Lot has been said and written about the impact of human civilization on the environment. The pace at which modern human civilization has grown in the last fifty years is amazing. This growth, however, has come at a cost. To feed the needs of the growing human race, forests across the globe have been cut down at an alarming speed. India, especially, is at crossroads thanks to its ambition to develop and the impact our growth is having on the country’s natural resources. Its lack of forest cover is a well-known problem. Discovering Mumbai presents Hari Chakyar and Anthony Karbhari, two Mumbaikars on a mission to create awareness about the environment and encouraging people to plant trees, called 'Project 35 Trees'. It’s time to Go Green!
Hari, a resident of the suburb of Ambernath, holds Bachelors in Mass Media from Wilson College. Hari’s love for the nature began as soon as he had joined Wilson, “I’ve been a member of Wilson College Nature Club since college began”, he says. At the nature club, Prof. Sudhakar Solomonraj used to take the students to regular treks and outings into forests. Hari began planting trees three years ago. While working at the nature club he realized that their tree planting efforts needed to be scaled up. “While I can continue to plant trees all my life, I’ll only be able to plant a certain number of them”, says Hari. Hari and Anthony met through a common friend at Wilson’s. Initially the duo worked on weekends, but then Anthony gave up his job to devote more time to the project and also asked Hari to talk with his employer for a sabbatical to go on this journey. That’s how Project 35 Trees was born, with a vision to paint India green by planting trees in every state and union territory of India.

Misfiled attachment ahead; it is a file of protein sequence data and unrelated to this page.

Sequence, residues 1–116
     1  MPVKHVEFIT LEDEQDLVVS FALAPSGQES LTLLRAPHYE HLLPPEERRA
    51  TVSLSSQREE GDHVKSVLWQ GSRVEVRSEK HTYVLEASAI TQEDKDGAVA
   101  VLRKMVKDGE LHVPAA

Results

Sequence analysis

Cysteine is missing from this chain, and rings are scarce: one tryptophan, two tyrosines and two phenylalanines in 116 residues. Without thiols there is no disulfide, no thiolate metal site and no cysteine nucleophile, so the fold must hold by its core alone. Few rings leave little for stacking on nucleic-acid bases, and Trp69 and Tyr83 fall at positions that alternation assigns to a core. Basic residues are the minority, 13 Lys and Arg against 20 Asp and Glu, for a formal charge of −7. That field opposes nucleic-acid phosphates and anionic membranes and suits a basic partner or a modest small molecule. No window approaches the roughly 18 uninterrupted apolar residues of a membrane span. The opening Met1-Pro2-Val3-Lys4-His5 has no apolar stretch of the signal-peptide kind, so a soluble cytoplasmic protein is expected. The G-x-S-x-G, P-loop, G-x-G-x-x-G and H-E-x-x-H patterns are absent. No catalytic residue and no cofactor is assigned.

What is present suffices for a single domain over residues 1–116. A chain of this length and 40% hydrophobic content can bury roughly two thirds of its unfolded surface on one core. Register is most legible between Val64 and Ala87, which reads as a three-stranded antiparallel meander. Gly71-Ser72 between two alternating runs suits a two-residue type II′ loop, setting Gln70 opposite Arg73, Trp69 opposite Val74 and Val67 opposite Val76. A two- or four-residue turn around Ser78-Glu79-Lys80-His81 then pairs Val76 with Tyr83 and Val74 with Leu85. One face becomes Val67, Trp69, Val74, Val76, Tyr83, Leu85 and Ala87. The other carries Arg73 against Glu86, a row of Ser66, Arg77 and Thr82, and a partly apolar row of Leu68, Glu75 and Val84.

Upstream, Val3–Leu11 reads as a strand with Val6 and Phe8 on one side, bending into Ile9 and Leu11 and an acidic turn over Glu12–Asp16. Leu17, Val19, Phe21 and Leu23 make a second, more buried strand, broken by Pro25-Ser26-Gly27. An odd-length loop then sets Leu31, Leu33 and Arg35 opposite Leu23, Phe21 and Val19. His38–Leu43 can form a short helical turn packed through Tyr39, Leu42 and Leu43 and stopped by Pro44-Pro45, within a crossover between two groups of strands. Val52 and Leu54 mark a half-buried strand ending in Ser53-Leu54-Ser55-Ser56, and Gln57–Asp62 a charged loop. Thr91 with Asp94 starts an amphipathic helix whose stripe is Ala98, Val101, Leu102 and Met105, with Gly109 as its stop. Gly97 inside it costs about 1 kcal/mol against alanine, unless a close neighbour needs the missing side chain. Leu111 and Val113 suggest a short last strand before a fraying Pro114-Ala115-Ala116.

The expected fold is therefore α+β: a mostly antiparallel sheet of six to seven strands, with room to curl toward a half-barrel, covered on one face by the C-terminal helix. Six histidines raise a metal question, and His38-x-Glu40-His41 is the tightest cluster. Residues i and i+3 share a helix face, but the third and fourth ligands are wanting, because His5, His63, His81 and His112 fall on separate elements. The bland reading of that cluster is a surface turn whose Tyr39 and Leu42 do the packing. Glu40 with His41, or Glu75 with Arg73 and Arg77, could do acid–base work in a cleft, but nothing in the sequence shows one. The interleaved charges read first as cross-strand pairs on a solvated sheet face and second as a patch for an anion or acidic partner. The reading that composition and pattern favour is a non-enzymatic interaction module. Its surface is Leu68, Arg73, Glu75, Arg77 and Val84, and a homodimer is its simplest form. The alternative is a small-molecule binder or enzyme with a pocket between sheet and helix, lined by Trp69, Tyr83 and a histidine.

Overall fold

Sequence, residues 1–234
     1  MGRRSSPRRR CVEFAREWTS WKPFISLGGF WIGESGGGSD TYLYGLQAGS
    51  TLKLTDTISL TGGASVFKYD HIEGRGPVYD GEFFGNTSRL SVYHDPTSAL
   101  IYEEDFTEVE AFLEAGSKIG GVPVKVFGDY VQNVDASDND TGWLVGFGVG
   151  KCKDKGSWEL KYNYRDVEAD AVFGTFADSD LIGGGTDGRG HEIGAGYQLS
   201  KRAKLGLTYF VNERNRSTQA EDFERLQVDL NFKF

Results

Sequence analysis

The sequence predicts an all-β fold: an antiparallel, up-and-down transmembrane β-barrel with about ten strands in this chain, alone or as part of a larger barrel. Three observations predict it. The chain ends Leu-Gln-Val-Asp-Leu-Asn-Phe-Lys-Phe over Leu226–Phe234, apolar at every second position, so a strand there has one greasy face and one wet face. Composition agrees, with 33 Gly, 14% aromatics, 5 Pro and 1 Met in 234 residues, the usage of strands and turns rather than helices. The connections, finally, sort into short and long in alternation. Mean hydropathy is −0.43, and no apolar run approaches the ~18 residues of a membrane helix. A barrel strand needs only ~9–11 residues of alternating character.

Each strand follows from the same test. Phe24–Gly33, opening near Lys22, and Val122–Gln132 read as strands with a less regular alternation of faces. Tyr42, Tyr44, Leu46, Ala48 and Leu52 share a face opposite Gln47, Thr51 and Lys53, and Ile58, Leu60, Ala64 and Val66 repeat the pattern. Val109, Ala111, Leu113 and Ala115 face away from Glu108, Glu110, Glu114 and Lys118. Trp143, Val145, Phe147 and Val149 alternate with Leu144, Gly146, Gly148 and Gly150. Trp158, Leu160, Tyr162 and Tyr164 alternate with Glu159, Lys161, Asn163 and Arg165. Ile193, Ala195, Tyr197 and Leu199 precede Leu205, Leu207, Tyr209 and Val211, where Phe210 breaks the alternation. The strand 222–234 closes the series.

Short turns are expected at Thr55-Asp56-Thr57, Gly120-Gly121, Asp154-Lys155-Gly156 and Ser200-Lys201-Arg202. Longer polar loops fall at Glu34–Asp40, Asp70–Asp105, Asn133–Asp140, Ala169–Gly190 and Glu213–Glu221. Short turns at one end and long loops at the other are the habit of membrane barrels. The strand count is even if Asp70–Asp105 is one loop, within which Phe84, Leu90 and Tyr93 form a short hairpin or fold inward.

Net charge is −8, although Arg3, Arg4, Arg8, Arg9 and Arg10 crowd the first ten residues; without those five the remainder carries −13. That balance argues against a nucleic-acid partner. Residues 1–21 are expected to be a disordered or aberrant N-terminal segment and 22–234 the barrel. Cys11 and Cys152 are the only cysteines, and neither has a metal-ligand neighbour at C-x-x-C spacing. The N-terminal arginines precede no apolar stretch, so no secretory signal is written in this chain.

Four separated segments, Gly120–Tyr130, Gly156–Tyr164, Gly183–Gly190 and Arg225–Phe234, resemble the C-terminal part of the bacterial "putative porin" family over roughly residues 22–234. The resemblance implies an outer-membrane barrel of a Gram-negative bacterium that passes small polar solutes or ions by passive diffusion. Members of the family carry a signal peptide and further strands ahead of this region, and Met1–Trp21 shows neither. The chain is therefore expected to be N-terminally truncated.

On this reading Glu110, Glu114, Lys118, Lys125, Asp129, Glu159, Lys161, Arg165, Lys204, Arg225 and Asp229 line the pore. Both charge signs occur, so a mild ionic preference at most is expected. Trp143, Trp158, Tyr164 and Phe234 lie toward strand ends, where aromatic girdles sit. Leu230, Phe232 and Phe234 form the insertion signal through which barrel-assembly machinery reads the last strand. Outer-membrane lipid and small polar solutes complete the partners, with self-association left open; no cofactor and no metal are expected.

|The duo - Hari (left) and Anthony (right)|
“Project 35 Trees is about planting trees in all states and union territories of India”, says Hari. Project 35 trees is a four month journey across India, screening documentary films, talking to students about conservation and other related environmental issues. Anthony Karbhari is assisting Hari on this project by capturing the journey on his camera. To create awareness the duo travels to schools and colleges in each of the places across India that they visit, to conduct an hour long environmental program. The audience, usually, is class eight and above, but they have also conducted sessions for children as small as 3 to 5 years old (at Gurgaon). So far, the duo has conducted sessions and planted trees in Daman, Silvassa, Baroda, Indore, Jaipur, Delhi, Gurgaon, Amritsar, Jammu, Chandigarh, Manali and Dehradun